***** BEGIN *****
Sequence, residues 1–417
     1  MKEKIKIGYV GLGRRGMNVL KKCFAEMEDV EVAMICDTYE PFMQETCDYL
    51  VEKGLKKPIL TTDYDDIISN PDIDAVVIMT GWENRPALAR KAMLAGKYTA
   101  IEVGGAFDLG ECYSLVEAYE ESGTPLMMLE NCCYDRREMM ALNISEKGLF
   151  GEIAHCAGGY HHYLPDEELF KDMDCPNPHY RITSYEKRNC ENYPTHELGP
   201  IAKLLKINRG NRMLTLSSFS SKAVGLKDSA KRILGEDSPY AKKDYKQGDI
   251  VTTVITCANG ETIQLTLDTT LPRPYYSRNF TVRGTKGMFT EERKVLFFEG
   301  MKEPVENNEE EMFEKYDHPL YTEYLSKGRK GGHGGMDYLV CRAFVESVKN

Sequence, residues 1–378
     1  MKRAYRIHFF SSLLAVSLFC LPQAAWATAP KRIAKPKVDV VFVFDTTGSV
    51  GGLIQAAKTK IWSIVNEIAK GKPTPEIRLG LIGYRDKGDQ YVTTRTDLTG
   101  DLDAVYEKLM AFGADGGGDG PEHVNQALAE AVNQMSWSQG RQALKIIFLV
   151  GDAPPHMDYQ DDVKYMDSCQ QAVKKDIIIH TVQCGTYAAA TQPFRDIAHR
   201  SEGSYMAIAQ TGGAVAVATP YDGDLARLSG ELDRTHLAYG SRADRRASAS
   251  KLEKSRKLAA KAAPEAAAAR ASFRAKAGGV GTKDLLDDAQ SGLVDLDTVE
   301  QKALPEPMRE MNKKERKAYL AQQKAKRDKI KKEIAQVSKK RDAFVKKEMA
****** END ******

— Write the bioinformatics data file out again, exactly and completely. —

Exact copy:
Sequence, residues 1–417
     1  MKEKIKIGYV GLGRRGMNVL KKCFAEMEDV EVAMICDTYE PFMQETCDYL
    51  VEKGLKKPIL TTDYDDIISN PDIDAVVIMT GWENRPALAR KAMLAGKYTA
   101  IEVGGAFDLG ECYSLVEAYE ESGTPLMMLE NCCYDRREMM ALNISEKGLF
   151  GEIAHCAGGY HHYLPDEELF KDMDCPNPHY RITSYEKRNC ENYPTHELGP
   201  IAKLLKINRG NRMLTLSSFS SKAVGLKDSA KRILGEDSPY AKKDYKQGDI
   251  VTTVITCANG ETIQLTLDTT LPRPYYSRNF TVRGTKGMFT EERKVLFFEG
   301  MKEPVENNEE EMFEKYDHPL YTEYLSKGRK GGHGGMDYLV CRAFVESVKN

Sequence, residues 1–378
     1  MKRAYRIHFF SSLLAVSLFC LPQAAWATAP KRIAKPKVDV VFVFDTTGSV
    51  GGLIQAAKTK IWSIVNEIAK GKPTPEIRLG LIGYRDKGDQ YVTTRTDLTG
   101  DLDAVYEKLM AFGADGGGDG PEHVNQALAE AVNQMSWSQG RQALKIIFLV
   151  GDAPPHMDYQ DDVKYMDSCQ QAVKKDIIIH TVQCGTYAAA TQPFRDIAHR
   201  SEGSYMAIAQ TGGAVAVATP YDGDLARLSG ELDRTHLAYG SRADRRASAS
   251  KLEKSRKLAA KAAPEAAAAR ASFRAKAGGV GTKDLLDDAQ SGLVDLDTVE
   301  QKALPEPMRE MNKKERKAYL AQQKAKRDKI KKEIAQVSKK RDAFVKKEMA